Currency in circulation has peaked at Rs 20.35 lakh crore as of 1 February 2019 which has raised issues on whether this has been driven by the recouping of the informal economy. Demonetisation was introduced for various reasons and as a secondary outcome was to lead to the reduction in the use of cash for transactions.
As this was supplemented with Goods and Services Tax (GST) which sought to integrate the informal economy with the formal structure, the demand for cash was expected to come down. However, tradition has been stronger and has ensured that the demand for currency remains intact.
The number of Rs 20 lakh crore may look high, but if one looks at the buildup of cash in circulation over the years, the picture is actually not very shocking.
The table below gives the incremental currency in circulation in each of the last five fiscal years with the latest one being for 10 months over March.
The table shows that an increase of Rs 2.31 lakh crore, though the highest in this period is not really very odd as it was Rs 2.25 lakh crore in 2015-16, the year prior to demonetisation. The fall in currency in circulation in 2016-17 was made up for in 2017-18 with an increase of almost Rs 5 lakh crore.
Therefore, while the increase this year is not really very out of place it would still call for an explanation given the other data presented by the Reserve Bank of India (RBI) which says that digital transactions have increased in the last few years is evident even today in most transaction-oriented business.
The fact that the currency is still held in large quantities is for various reasons. First, households prefer to hold on to cash at home for precautionary motives as it provides convenience and security. The tendency to hold more cash is high in rural areas where digitisation is less pervasive.
Second, transactions in the farm sector are still largely cash-based as we have not yet reached a stage where digital transactions take place. While some mandis are linked to the eNAM and similar platforms all transactions which take place outside the mandi are purely cash-based. And given the multiple stages farm products go through before reaching the consumer, there would be increased demand for cash.
Third, while the younger generation uses digital modes of transactions there is a large demography which prefers use of cash and hence the demand is always progressively higher with cost of living. Intuitively it can be seen that as inflation increases even by 3-4% per annum, the overall demand for money increases in proportion and hence there will always be higher demand for cash.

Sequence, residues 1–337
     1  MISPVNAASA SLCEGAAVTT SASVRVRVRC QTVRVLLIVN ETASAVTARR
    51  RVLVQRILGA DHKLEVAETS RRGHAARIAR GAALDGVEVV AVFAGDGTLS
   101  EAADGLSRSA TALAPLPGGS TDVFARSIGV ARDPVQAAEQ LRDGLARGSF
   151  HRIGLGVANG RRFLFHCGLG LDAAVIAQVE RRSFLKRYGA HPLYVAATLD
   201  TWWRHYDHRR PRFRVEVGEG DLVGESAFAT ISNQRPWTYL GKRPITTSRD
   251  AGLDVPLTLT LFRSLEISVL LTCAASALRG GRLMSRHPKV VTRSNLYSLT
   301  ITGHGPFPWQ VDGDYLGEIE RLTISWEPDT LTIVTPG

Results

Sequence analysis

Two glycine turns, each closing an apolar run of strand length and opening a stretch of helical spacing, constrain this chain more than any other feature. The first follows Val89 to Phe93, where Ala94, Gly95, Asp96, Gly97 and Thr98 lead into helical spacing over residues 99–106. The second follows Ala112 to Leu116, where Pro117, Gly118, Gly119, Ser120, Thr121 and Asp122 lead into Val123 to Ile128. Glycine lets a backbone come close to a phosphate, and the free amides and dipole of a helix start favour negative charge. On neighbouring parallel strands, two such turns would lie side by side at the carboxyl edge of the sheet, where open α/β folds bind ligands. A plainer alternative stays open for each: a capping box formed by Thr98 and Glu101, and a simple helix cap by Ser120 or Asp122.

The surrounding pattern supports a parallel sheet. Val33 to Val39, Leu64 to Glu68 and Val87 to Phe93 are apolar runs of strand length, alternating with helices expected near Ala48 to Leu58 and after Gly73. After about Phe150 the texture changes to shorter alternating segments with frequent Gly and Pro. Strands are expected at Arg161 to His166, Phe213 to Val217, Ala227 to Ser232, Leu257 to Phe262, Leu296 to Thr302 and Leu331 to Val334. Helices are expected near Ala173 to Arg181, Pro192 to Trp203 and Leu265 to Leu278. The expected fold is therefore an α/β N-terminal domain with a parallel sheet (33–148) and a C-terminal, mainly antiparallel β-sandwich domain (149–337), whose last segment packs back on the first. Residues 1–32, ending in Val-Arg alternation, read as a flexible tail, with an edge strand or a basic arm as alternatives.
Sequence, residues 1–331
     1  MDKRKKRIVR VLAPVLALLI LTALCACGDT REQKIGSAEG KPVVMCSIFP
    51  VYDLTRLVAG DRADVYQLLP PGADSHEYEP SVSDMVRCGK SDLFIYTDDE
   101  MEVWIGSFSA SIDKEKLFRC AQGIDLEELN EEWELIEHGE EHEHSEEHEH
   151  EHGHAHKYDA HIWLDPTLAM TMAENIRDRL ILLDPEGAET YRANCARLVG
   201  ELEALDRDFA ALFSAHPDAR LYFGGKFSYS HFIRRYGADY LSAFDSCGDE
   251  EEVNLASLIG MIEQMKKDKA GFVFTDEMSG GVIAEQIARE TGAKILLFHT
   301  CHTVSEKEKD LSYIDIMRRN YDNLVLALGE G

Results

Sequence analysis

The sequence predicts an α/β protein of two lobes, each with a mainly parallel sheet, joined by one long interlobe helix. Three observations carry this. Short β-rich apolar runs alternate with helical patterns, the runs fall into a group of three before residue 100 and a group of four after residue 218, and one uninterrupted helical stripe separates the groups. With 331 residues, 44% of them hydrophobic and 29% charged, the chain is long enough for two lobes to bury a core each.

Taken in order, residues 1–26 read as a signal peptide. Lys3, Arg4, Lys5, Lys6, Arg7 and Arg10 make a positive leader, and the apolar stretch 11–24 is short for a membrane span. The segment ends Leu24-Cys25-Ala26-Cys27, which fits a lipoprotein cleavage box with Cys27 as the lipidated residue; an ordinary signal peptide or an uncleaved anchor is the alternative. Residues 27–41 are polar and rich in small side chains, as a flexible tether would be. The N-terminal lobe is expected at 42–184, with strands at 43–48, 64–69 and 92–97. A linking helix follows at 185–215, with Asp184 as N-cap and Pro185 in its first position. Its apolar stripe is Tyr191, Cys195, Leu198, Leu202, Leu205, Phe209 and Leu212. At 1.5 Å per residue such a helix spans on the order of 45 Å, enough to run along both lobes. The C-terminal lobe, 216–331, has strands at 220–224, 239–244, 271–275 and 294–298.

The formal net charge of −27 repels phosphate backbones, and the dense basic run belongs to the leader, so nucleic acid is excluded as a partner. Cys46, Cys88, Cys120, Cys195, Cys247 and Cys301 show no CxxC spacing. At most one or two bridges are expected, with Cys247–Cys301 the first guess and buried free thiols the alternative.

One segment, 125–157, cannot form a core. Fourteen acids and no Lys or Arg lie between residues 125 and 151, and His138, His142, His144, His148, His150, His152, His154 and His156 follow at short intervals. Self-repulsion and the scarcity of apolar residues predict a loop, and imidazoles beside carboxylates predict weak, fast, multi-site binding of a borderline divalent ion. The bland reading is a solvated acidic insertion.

Fourth, the GST has been a correction in the informal economy. However with the composition rule changing and more companies being out of the net, there is a tendency for cash transactions to increase. While this is a valid argument, the impact should not be overstated as the counterparty would often insist on receipts and hence will force the small and medium enterprise (SME) to get listed. But this can still be argued as being a reason for higher demand for cash as these limits have been liberalised.
Fifth, households have also preferred to keep cash in preference for deposits at the margin as interest rates have been low. This has worked at the margin and also witnessed in the lower growth in deposits this year which in turn has put pressure on liquidity as the RBI had to intervene continuously to steady the situation.
Sixth, a major factor that will keep demand up would be the elections. This is the time when all parties would be hoarding cash for use during the campaigning as it is the easiest way of spending money without any audit trail. This was observed before some state elections when demand for currency went up. Therefore, one may expect this to continue for the coming months right up to the elections as payments are made either directly to voters or to party workers for various purposes.
Seventh, the return of currency for conducting marriages is also evident and has added to overall demand. With the central bank bringing back normalcy in the currency situation, households are returning to the use of cash which still dominates a large part of these expenses.
There are, hence, two things about this high level of currency in the system. The first is that it is not really odd in terms of the increase as this has happened in the past too. Demonetisation had withdrawn a large part and the slow infusion was more due to the logistics in supply rather than the ebbing of demand.
Second, while digitisation has certainly caught on, it has not been at the expense of currency and the two are moving in parallel. As a corollary it can be said that this trend may continue for some more time before people switch in large groups away from the use of cash.
(The writer is Chief Economist, CARE Ratings)